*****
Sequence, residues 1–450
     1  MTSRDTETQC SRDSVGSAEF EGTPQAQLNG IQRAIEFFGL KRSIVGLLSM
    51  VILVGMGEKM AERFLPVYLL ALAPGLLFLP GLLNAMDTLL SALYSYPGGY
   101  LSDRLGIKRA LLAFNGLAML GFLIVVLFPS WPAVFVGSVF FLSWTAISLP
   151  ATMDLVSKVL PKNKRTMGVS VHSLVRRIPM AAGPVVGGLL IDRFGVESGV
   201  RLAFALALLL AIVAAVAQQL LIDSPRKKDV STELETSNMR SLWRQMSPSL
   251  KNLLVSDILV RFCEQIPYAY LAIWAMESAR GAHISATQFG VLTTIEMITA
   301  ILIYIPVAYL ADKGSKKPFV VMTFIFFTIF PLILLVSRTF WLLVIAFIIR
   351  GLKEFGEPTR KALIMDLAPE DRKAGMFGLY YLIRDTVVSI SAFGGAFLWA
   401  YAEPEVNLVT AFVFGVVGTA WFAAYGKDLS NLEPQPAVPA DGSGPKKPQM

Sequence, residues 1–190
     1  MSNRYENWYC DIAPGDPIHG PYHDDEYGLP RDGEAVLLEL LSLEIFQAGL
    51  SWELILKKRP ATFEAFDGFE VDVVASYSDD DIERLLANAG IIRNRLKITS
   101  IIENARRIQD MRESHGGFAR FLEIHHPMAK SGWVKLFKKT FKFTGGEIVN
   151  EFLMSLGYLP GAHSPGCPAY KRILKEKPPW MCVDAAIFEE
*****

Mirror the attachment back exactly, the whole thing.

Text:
Sequence, residues 1–450
     1  MTSRDTETQC SRDSVGSAEF EGTPQAQLNG IQRAIEFFGL KRSIVGLLSM
    51  VILVGMGEKM AERFLPVYLL ALAPGLLFLP GLLNAMDTLL SALYSYPGGY
   101  LSDRLGIKRA LLAFNGLAML GFLIVVLFPS WPAVFVGSVF FLSWTAISLP
   151  ATMDLVSKVL PKNKRTMGVS VHSLVRRIPM AAGPVVGGLL IDRFGVESGV
   201  RLAFALALLL AIVAAVAQQL LIDSPRKKDV STELETSNMR SLWRQMSPSL
   251  KNLLVSDILV RFCEQIPYAY LAIWAMESAR GAHISATQFG VLTTIEMITA
   301  ILIYIPVAYL ADKGSKKPFV VMTFIFFTIF PLILLVSRTF WLLVIAFIIR
   351  GLKEFGEPTR KALIMDLAPE DRKAGMFGLY YLIRDTVVSI SAFGGAFLWA
   401  YAEPEVNLVT AFVFGVVGTA WFAAYGKDLS NLEPQPAVPA DGSGPKKPQM

Sequence, residues 1–190
     1  MSNRYENWYC DIAPGDPIHG PYHDDEYGLP RDGEAVLLEL LSLEIFQAGL
    51  SWELILKKRP ATFEAFDGFE VDVVASYSDD DIERLLANAG IIRNRLKITS
   101  IIENARRIQD MRESHGGFAR FLEIHHPMAK SGWVKLFKKT FKFTGGEIVN
   151  EFLMSLGYLP GAHSPGCPAY KRILKEKPPW MCVDAAIFEE